Tucked in the back of a Japanese grocery and adorned with only a handful of tables, this place has the size and spirit of a traditional Japanese sushi bar. Choices are somewhat typical, but the fresh fish and genuine Japanese beers and sakes make this the greatest sushi spot in metro Detroit.
Out of its miniscule 7ft-wide kitchen comes the diner-style breakfasts and lunches you’ve been dreaming about ever since the first time you had them. Consider the Hillbilly Bennie (poached eggs and oven-fried chicken), the coffee cake pancakes, the Butter Burgers, the Portland Special sandwich (with Cap’n Crunch-breaded chicken tenders!)... basically consider bringing friends so you can try more stuff.
A double-threat, La Dolce Vita is equally capable of satisfying you with bottomless mimosas and shrimp benedicts in the early hours or wowing your date with lobster-stuffed ravioli and house-made gnocchi in the evening. When the weather allows, don't settle for anything less than a spot on the patio as you fatten up to jazz music.
This artisanal deli is a source of pride for Detroit natives, and it should be: nearly everything at Mudgie’s is house-made, be it the charcuterie, marinated deli meat, soups, salad dressings, and even ketchup. The old school approach ensures a freshness of flavor which, when combined with the formidable selection of craft beers -- ranging from local drafts to imported bottles from Italy, Belgium, and beyond -- and classic cocktails, make it a veritable Corktown hot spot for neighborhood locals and hipsters alike.
Headed by Iron Chef Michael Symon, Roast is a massive, highly decorated, 200-seat steakhouse. Its bar/lounge is also known for dishing out some of Detroit's best cocktails, each made with fresh ingredients. Located within the Westin Book Cadillac Detroit, the bar’s Renaissance-style ambiance will make your night out feel classy as can be.
From the award-winning and rightfully TV-famous Yardbird sandwich to the 100+ beer selection, this pork-packed mainstay has thoroughly earned all the attention it gets. The Cooley’s (who own the place) have done almost as fine a job boosting other businesses in Corktown as they have boosting the average local waist size.
Centaur Bar is your new best friend: aside from serving you small plates until 2am and giving you a free ride to all the Red Wings home games, they have 1/2 off wine Wednesdays and a killer 5$ martini (they have over 25 kinds) happy hour every day.
This bar & bistro is named after the sculptor of The Thinker, and mixes enough Parisian-inspired cocktails to ensure that no one will mistake you for him.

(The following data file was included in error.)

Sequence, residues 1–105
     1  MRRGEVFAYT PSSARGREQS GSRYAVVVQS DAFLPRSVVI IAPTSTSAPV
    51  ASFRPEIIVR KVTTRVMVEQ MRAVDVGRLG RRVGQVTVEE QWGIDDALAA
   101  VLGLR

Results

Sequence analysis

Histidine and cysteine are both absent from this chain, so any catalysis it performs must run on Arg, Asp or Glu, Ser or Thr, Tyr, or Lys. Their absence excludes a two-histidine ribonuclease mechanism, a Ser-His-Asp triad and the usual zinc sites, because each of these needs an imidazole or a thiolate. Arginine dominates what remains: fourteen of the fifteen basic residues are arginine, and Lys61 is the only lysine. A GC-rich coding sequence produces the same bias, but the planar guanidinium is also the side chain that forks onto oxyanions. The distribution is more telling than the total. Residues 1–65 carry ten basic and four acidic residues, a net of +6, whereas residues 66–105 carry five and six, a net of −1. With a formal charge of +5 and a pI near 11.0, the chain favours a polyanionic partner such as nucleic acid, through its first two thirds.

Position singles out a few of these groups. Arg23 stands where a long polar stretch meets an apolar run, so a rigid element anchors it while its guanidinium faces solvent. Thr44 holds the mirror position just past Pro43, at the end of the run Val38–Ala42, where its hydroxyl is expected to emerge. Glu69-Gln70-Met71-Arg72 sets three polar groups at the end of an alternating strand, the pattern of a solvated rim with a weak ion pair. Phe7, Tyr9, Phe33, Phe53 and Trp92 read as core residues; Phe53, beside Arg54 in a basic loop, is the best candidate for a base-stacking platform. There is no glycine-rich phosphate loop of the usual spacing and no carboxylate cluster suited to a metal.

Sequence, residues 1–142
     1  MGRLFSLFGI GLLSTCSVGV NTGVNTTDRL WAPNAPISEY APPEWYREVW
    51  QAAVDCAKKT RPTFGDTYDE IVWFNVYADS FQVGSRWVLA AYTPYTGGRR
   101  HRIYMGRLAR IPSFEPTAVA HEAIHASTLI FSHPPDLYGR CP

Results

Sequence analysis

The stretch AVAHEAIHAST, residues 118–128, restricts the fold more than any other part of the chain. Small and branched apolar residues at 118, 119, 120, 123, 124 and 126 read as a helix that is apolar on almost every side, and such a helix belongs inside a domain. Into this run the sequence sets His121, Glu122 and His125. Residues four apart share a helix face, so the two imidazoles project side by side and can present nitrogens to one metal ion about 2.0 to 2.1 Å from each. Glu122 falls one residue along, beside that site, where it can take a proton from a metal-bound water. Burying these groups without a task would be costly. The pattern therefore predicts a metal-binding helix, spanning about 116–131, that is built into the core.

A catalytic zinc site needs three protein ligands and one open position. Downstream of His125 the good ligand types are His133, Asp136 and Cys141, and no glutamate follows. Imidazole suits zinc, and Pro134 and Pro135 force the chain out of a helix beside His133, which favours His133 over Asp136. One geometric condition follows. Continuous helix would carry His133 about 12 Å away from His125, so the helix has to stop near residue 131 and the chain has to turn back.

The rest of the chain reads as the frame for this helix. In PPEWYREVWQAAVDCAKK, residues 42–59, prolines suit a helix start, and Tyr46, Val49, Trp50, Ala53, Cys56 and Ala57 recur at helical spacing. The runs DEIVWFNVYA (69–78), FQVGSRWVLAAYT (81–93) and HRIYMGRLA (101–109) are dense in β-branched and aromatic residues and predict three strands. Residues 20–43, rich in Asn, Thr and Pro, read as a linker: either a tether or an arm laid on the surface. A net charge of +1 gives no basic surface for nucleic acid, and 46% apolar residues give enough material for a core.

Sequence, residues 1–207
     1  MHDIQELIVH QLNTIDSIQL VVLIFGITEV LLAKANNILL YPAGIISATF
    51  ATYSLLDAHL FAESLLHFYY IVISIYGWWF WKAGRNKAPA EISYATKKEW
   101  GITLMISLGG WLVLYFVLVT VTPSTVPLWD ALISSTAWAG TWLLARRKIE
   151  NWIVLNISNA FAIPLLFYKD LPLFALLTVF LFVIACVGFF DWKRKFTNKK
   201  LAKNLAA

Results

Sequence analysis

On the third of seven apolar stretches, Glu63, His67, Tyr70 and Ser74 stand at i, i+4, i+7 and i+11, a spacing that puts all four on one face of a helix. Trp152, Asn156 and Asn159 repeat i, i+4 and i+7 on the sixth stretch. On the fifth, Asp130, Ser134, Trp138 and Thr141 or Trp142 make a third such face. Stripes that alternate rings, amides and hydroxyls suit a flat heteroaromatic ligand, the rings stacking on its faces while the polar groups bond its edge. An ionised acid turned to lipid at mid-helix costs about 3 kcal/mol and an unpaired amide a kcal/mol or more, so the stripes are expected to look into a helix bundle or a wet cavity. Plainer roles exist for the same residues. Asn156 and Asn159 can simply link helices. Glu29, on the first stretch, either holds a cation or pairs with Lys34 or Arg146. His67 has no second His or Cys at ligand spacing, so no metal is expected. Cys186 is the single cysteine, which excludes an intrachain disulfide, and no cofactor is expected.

One of Detroit's leading mixology bars, this hip Corktown spot uses eclectic spirits and mixers to make inventive and delicious drinks. Bartenders clad in tiki shirts or vests shake and stir creative concoctions with off-the-beaten-path liquors -- cacaçha, mezcal, absinthe, madiera, and chartreuse, to name a few -- and homemade infusions and syrups. While the specialty menu rotates seasonally, the staff's encyclopedic knowledge of classics from Aperol Spritzes to Zombies ensures a constant flock of regulars, aided by the antique hunting lodge décor (taxidermy animals mounted throughout, vintage bar stools, original brick facade from 1888) and dim, sultry ambience.
Woodbridge keeps a well-curated lineup of 80 brews on hand to accompany its locally sourced menu of sophisticated bar fare (like a Michelada burger topped with a fried egg and avocado cream on brioche). As a result, it's a go-to for Midtowners, Wayne Staters, and anyone looking to enjoy a good brew with a little class.
It was just after the turn of the century when German immigrant Albert Jacoby opened Jacoby’s German Biergarten in 1904, and the sudsy legacy continues on Brush Street today. The Bricktown bar flags down drinkers with an old-time sign hanging on its brick facade, heralding the sizable selection of some 100 bottled and draft beers on offer. A classic tavern-style dining room decked out in dark woods makes a cozy station for German reliables like meatballs, sausage soup and wiener schnitzel. Modern ways make themselves heard in the historic haunt via live music from local bands in the upstairs lounge.
Some things have longevity, and a beer-and-shot combos are one of them: Ye Olde Tap Room on Grosse Pointe Park’s edge is proof. The place has been around since 1912, when it transformed from a trolley repair garage into the local favorite it is today. You can see relics of its duration in the decor, with a wall displaying vintage beer taps and booze adverts from eras past. The beer bar doesn’t rest on its laurels, however: some 285 suds are available bottled or on draft, in addition to a scotch menu, which make a perfect pair with free peanuts in their shells. Feel free to just toss the cracked shells on the floor, as long as you don’t end up on it too.
Detroit's Grand Trunk Pub, sometimes referred to as Foran's, has a storied history as home to a variety of random local businesses. This place was once a jewelry store, a railway ticket office, and possibly the home of a Harry Houdini magic shop. Nowadays, it offers over 170 craft beers, killer deep-fried pub food platters, and an Irish pub good-time atmosphere. They also host regular beer dinners and one of the best brunches in the city.